Bitcoin’s slide below the psychological level of $9,000 is debunking the narrative that geopolitical uncertainty from coronavirus fears and a sizable hit to the stock market would drive more investors to the leading cryptocurrency.
With the Dow plunging 6.6% and shedding 1,877 points in the past five days, Bitcoin has made a similar move to the downside, dipping 7.0% from $9,663 to $8,985, at time of writing.
According to Bitcoin critic and gold proponent Peter Schiff, BTC’s safe-haven narrative has gone bust and all that’s left is a pivot to a new tune: “Bitcoin is an uncorrelated asset.”
Says ‘The Breakdown’ host Nathaniel Whittemore via Twitter,
“As a dude who spends a LOT of time on narratives, bitcoin as uncorrelated has always been the narrative base case.
The flirtation with ‘safe haven’ has been driven by a couple moments, a belief in future potential, and a bet that some might put a down payment on that future.”
Luke Martin, trader, analyst and founder of Venture Coinist, tells his 214,000 followers,’
“Bitcoin has been uncorrelated to other asset classes. If stocks drop, this does not mean Bitcoin has to pump. If gold prices climb, this does not mean Bitcoin will rise with it every time. Not negative or positive. uncorrelated. Narratives will come and go.”
Schiff cries foul on all the Bitcoin supporters and says the gig is up.
“On CNN Anthony Pompliano [Morgan Creek Digital co-founder] admitted that Bitcoin isn’t a safe haven asset, but a non-correlated asset, meaning regardless of what other assets do, Bitcoin is as likely to go down as up. So the value of Bitcoin is that no one has any idea what its price will do. What’s that worth?”
According to Pompliano, the uncorrelated asset will be worth about $100,000 by the end of 2021.
“Bitcoin is neither money nor a currency. It’s a digital asset. The question Anthony Pompliano and I are debating is whether it’s a safe haven asset that stores value over time, or a risk asset with a market price than can rise or fall substantially over time. The answer is obvious.
During the recent global stock market rout investors dumped risk asset and fled to their safe haven of choice. Bitcoin not only followed risk assets lower, but led the decline. How can an asset that falls more than risk assets during market declines be considered a safe haven?”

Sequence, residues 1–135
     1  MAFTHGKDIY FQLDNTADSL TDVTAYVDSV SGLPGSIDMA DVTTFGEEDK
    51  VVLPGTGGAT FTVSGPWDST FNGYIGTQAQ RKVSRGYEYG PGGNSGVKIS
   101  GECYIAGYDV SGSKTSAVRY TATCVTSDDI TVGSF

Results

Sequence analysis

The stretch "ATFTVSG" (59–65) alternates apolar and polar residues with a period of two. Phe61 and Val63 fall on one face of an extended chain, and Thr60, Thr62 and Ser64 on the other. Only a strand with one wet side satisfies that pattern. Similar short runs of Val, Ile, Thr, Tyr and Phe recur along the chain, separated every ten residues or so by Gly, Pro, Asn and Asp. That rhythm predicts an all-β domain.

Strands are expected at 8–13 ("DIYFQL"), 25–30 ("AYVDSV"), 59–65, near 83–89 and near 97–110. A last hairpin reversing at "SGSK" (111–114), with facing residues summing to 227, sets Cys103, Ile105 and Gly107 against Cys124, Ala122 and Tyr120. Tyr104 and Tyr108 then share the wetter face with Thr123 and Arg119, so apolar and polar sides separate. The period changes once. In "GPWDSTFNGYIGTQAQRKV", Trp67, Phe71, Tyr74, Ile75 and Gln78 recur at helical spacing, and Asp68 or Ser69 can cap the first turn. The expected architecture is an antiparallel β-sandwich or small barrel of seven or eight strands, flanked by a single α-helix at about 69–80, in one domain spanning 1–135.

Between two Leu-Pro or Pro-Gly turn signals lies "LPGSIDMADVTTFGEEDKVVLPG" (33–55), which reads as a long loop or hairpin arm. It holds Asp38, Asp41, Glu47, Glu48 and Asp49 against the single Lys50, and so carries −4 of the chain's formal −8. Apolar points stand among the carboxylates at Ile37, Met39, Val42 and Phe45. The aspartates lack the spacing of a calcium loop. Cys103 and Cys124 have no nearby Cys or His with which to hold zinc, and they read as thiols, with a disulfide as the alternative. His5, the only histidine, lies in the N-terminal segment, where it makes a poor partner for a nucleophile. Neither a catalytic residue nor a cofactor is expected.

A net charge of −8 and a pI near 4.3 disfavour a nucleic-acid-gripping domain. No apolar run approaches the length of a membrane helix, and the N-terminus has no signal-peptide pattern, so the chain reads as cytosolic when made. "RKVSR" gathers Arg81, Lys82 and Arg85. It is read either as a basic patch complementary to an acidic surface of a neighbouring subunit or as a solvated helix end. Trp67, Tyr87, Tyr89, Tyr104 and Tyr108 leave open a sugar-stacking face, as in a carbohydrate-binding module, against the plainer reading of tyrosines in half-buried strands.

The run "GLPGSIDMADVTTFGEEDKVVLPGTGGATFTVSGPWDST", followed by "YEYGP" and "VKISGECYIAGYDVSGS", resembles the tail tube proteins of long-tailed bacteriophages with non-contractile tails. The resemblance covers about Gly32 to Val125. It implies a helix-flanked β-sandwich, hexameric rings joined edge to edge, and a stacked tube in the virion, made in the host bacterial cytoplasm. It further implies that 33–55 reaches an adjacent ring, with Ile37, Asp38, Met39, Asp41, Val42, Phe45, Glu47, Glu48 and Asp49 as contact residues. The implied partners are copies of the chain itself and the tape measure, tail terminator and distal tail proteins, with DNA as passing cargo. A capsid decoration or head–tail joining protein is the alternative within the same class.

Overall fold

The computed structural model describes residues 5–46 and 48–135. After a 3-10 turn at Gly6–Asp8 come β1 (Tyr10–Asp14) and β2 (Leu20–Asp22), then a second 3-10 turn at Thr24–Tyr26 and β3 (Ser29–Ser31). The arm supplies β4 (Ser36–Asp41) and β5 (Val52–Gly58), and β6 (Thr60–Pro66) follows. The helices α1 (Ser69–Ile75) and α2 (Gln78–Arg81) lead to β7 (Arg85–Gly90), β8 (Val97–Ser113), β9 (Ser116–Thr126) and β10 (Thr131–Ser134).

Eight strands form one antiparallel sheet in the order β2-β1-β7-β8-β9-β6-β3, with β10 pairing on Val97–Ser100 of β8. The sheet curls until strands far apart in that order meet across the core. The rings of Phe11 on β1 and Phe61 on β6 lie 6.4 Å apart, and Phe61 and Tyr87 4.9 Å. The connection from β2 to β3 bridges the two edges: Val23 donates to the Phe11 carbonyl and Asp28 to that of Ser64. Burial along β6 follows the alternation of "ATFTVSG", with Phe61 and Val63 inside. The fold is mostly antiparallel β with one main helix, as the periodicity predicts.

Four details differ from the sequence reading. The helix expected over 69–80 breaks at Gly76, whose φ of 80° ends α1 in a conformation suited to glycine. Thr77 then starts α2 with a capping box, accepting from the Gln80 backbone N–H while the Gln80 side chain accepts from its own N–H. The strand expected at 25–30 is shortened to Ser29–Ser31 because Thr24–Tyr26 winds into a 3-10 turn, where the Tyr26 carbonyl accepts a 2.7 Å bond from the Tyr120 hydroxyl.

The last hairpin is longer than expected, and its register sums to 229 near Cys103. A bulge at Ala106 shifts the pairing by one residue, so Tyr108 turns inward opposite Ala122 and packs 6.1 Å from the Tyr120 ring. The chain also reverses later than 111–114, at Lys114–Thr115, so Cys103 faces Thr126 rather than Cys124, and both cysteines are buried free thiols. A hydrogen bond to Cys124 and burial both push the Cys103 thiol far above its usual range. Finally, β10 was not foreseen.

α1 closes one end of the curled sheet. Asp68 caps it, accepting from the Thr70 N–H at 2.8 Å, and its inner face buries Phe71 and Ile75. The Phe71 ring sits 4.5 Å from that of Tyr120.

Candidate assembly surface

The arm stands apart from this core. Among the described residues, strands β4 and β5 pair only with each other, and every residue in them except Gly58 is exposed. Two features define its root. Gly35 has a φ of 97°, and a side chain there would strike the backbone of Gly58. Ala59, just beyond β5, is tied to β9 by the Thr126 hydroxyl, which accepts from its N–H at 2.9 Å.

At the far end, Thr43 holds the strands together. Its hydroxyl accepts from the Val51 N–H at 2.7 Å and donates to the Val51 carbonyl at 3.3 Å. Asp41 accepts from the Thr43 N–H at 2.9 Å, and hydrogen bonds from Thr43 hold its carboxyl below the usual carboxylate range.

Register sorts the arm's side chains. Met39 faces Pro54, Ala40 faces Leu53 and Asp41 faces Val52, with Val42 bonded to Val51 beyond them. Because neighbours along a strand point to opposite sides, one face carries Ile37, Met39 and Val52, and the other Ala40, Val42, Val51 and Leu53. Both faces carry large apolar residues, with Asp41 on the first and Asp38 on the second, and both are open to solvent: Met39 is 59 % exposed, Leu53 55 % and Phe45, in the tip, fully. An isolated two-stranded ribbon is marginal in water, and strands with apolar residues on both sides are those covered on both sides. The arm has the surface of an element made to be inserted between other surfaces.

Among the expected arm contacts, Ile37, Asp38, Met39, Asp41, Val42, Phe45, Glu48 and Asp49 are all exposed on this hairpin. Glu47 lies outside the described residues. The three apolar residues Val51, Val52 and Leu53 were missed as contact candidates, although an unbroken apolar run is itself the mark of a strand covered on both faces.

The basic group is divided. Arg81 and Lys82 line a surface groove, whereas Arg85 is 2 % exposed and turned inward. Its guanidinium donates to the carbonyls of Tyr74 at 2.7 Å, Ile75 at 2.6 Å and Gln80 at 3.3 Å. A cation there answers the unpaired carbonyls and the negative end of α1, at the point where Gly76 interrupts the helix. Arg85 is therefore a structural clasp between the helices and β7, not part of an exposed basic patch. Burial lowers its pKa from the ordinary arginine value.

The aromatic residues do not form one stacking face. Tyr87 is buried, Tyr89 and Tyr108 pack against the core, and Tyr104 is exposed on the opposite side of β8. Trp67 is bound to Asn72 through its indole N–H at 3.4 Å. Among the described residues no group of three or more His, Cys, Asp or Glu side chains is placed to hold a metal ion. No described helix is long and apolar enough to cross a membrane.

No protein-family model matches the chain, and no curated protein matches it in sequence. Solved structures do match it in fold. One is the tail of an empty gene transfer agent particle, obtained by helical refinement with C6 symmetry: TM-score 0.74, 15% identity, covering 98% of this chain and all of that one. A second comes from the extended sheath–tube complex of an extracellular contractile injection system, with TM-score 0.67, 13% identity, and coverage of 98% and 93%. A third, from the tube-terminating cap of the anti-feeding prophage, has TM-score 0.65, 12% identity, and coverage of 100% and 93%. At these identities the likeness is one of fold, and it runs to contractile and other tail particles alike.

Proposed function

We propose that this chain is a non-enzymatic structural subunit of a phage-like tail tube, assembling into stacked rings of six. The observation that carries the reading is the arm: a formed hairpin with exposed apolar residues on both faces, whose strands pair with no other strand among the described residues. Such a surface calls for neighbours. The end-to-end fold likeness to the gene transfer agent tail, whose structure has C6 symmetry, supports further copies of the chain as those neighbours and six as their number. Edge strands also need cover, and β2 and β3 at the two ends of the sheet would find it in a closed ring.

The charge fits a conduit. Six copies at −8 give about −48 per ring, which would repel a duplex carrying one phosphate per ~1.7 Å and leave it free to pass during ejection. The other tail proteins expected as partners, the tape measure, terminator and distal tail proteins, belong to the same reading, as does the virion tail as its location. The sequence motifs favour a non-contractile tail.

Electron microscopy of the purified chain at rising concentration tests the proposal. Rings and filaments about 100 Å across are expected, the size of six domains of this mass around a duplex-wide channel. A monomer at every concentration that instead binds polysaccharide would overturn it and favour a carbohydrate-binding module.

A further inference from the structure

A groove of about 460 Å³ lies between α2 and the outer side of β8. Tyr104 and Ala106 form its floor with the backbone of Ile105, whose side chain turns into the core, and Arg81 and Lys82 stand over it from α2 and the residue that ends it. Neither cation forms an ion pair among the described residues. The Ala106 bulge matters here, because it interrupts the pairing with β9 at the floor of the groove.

“We’ve been climbing this wall of worry, so I think too many people look to take profits. They really have no idea how high the price of gold is going to go. And it’s not the coronavirus that’s driving it. It’s Fed monetary policy.”
“As the digital gold narrative falls apart, as did the digital currency narrative that proceeded it, Bitcoin pumpers are pivoting to the non-correlated asset angle. They argue Bitcoin should be bought because it’s uncorrelated to every other financial asset, including gold.”
Bitcoin proponents are also arguing that gold’s financial market can be displaced.
Dan Tapiero, founder of Dtap Capital, an investment advisory firm, says gold is mostly jewelry with a fraction of the precious metal representing the financial market in the form of coins, bars, gold-backed exchange-traded funds and central bank reserves.
“$9.6 trillion total world gold. Not sure bitcoiners realize that 2/3 is jewelry+official. Only $2 trillion is available ‘investable gold.’ Bitcoin is already 10% the size of investable gold. Incredible accomplishment for just 10 years of existence. Bitcoin too big to die now.”
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